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Use of velvet beans, Mucuna spp., as a feed ingredient for poultry: a review

  • L.B. Carew (a1) and A.G. Gernat (a2)

Abstract

Velvet beans (Mucuna spp.) represent a group of legumes that was widely grown in the U.S. in the 1800's and early 1900's before being replaced by soybeans. However today, in developing countries, the velvet bean plant is increasingly used as a cover crop because it has many valuable characteristics, such as resistance to insects, weeds and drought that make it economically useful to subsistence farmers. The velvet bean plant is also prolific in seed production, and velvet bean seeds (VB) or Mucuna are sometimes eaten both by humans and other non-ruminant, monogastric animals such as chickens and pigs. Mucuna beans contain moderate amounts of protein (20–25%) and smaller amounts of fat (3–5%). Non-structural carbohydrates make up approximately half of Mucuna while the neutral detergent fibre content is about 10%. Minerals and vitamins in VB can contribute significantly to the needs of poultry as is typical of many legumes. The various species of Mucuna have amino acid profiles similar to other legumes, such as soybeans, that are commonly used as protein-supplying feedstuffs. However, VB contain a variety of anti-nutritional/toxic factors that are harmful to monogastric animals. These include: antitrypsin factors; tannins; cyanide; anticoagulants; analgesic, antipyretic and anti-inflammatory factors; L-dopa and others. Research to date has studied the physiological effects of VB on poultry growth, blood chemistry and organ anatomy. Attempts have been made to process the beans and remove the toxic factors by heating, waterextraction or other methods but with limited success. To use such a potentially valuable feed ingredient in poultry nutrition, the challenge for the nutritionist is to find ways to diminish the harmful effects of the chemicals in Mucuna by processing or treating the beans to remove or render harmless the toxic chemicals. This review will summarize the history of these efforts.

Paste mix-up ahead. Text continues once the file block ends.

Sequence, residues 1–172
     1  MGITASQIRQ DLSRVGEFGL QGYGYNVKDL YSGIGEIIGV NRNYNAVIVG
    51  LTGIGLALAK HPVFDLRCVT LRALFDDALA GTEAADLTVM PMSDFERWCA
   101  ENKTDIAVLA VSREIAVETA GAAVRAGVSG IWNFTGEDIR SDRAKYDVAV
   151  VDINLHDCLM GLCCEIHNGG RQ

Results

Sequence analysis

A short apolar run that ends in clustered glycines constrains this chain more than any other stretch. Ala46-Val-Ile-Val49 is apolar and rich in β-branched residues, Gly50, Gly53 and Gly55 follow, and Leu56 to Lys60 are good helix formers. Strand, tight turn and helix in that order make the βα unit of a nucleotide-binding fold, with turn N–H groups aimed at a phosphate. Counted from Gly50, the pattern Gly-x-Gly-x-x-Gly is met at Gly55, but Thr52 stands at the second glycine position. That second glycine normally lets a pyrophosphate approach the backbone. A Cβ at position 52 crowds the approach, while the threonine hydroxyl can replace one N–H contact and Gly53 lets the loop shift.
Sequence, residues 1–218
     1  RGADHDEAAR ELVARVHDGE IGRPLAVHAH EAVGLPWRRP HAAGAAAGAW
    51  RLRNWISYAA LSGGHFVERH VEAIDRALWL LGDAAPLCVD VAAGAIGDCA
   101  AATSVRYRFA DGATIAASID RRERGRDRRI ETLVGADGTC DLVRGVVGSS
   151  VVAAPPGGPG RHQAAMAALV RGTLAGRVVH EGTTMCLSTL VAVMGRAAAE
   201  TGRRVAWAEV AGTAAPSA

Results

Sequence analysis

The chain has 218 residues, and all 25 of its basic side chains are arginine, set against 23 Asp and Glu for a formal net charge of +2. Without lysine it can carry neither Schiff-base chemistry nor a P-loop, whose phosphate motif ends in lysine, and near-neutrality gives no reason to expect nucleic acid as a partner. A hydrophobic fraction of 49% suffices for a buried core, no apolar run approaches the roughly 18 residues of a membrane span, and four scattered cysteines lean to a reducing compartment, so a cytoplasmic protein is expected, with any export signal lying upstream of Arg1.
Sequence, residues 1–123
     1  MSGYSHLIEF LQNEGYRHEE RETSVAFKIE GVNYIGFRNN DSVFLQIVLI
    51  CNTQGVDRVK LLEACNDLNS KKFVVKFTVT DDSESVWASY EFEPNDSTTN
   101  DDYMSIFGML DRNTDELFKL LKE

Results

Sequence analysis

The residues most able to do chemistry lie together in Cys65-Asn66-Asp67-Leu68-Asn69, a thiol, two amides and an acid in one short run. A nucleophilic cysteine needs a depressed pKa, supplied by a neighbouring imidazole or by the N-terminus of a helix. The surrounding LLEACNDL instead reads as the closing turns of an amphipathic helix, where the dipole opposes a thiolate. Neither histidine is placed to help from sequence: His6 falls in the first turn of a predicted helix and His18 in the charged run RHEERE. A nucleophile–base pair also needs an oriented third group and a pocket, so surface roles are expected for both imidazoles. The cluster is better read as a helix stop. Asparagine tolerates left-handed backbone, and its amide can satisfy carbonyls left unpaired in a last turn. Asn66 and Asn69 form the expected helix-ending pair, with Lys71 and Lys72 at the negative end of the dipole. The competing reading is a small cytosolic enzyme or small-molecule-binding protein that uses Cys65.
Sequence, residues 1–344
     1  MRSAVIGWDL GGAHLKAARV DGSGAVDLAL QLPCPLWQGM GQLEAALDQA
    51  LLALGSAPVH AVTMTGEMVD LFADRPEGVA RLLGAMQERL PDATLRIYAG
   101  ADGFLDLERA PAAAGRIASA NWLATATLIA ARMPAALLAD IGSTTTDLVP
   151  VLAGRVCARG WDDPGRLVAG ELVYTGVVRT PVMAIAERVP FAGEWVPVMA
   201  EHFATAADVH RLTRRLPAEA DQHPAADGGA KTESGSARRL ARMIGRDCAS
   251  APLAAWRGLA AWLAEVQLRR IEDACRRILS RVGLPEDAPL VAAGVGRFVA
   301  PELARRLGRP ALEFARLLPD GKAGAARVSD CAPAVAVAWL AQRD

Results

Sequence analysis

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Corresponding author

*Corresponding author: lcarew@uvm.edu

References

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